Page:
EU imposes sanctions on Russians accused of Salisbury Novichok attack
Former KGB spy Sergei Skripal, 66, and his daughter Yulia collapsed on a bench in Salisbury last March.
The European Union has imposed sanctions on Russians blamed for the Novichok nerve agent attack in Salisbury as the bloc steps up its action against the use of chemical weapons.
EU foreign ministers slapped travel bans and asset freezes on nine people and on Syria’s Scientific Studies and Research Centre.
Five of those targeted are linked to the Syrian centre’s activities.
The four Russians on the list are the two men accused of planting Novichok in Salisbury last March and their superiors, the head and deputy head of the GRU, Russia’s military intelligence unit.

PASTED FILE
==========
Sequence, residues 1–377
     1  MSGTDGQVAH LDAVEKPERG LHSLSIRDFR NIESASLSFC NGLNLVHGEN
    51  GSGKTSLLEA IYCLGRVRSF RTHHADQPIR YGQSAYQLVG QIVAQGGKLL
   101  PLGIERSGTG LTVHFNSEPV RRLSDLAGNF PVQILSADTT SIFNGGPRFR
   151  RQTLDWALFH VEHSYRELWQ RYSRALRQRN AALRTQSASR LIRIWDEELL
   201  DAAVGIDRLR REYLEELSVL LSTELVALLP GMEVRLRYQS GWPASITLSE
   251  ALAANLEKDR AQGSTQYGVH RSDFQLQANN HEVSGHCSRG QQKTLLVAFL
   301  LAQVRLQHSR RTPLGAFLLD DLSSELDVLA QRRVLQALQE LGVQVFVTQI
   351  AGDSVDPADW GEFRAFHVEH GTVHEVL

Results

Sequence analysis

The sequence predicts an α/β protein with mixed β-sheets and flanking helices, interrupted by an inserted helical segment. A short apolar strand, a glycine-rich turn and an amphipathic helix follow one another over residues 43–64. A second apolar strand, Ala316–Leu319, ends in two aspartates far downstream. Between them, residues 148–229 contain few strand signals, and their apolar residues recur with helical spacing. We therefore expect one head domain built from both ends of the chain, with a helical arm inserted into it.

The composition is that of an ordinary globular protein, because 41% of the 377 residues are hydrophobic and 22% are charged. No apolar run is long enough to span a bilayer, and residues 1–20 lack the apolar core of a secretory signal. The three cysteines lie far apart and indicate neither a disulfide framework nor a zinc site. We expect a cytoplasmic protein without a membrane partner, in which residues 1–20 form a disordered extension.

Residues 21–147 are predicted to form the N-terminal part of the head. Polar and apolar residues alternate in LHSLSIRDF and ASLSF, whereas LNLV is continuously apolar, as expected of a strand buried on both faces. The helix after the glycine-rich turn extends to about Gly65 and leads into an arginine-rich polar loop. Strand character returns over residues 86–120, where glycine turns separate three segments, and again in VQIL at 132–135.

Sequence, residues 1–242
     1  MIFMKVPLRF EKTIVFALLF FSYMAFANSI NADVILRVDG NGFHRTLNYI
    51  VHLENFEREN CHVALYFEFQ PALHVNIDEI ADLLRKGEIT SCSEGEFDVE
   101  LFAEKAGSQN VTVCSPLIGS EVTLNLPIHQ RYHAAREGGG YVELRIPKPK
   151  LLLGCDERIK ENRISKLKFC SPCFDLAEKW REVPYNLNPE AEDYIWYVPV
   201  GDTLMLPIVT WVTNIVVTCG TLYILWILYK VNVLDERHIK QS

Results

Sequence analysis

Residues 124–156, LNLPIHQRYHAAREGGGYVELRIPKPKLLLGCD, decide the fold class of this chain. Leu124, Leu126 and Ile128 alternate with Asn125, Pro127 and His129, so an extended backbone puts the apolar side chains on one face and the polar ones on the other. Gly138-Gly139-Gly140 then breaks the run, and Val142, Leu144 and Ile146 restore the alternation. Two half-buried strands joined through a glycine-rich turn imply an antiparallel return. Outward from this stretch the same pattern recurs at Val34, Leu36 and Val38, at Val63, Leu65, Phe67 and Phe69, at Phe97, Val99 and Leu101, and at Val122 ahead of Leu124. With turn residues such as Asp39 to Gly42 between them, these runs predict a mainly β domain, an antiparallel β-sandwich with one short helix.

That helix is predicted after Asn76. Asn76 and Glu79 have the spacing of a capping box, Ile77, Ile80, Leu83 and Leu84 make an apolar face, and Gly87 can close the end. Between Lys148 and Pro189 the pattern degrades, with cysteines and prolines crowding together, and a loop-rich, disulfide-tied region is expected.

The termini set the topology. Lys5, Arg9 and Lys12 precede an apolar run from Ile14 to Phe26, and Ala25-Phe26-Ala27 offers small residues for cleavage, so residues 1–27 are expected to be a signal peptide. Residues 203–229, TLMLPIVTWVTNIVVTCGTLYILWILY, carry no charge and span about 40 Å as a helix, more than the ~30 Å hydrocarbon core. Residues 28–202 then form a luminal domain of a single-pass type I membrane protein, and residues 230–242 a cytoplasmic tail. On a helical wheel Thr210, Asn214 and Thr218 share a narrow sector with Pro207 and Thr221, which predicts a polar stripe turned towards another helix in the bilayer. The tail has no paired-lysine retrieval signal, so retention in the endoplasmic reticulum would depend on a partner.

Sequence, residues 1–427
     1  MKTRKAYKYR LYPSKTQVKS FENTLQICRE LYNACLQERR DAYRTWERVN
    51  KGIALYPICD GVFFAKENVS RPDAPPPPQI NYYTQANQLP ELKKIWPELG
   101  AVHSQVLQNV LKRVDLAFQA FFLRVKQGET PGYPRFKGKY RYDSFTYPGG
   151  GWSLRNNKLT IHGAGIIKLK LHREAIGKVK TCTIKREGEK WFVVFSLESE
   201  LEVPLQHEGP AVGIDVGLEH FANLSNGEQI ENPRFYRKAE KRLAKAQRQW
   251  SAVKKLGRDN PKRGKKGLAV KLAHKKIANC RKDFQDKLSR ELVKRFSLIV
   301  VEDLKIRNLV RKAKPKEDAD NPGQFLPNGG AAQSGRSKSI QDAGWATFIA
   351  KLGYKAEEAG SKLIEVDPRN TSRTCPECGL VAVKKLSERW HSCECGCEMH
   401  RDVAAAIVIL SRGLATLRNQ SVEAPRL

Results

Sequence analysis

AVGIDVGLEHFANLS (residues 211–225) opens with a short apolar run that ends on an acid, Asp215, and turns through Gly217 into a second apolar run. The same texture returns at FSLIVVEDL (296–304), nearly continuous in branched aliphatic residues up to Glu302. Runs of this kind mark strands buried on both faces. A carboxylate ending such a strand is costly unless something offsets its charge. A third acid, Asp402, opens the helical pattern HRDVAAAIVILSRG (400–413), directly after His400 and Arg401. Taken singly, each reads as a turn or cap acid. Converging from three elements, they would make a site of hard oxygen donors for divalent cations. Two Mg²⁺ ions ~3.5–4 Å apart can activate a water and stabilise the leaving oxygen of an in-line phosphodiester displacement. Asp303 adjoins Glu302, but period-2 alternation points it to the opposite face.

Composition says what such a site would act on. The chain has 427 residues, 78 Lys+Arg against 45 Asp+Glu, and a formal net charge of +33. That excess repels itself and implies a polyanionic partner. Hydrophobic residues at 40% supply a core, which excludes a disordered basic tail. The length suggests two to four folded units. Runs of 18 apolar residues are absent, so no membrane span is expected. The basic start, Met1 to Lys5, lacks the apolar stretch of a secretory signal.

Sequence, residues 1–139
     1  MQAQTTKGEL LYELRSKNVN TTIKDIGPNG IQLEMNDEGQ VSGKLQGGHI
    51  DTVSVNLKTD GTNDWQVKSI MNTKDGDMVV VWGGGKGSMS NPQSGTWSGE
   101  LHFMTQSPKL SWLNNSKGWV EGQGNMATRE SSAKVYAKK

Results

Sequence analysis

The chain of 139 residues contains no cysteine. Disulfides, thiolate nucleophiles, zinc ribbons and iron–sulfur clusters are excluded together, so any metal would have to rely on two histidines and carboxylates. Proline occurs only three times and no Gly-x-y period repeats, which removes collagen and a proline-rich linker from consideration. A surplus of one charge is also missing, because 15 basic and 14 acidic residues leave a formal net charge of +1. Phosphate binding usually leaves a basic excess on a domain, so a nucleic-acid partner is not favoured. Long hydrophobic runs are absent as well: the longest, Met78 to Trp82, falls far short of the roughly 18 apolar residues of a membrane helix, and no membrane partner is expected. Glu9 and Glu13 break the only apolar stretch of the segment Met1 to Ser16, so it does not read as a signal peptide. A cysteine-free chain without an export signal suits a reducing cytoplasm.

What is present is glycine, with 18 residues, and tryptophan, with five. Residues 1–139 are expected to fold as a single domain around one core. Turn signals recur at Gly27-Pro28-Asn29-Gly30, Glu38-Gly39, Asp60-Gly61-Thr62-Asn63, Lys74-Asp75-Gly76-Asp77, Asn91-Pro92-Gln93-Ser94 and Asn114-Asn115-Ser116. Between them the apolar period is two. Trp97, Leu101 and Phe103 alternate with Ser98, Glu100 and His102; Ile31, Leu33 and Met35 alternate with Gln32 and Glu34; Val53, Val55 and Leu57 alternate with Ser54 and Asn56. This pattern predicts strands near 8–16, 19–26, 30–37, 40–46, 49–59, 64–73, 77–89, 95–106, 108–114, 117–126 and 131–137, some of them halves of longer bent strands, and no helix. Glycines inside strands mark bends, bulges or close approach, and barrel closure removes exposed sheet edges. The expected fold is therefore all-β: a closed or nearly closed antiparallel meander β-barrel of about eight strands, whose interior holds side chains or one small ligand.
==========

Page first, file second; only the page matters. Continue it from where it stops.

The two suspects – known by their aliases Alexander Petrov and Ruslan Boshirov – were caught on CCTV in Salisbury the day before the attack.
Former KGB spy Sergei Skripal, 66, and his daughter Yulia collapsed on a bench at The Maltings shopping centre on March 5 last year.
Mr Skripal and his daughter survived the attack, which Prime Minister Theresa May said had “almost certainly” been approved by the Russian state.
The ministers said in a statement that the sanctions move “contributes to the EU’s efforts to counter the proliferation and use of chemical weapons, which poses a serious threat to international security”.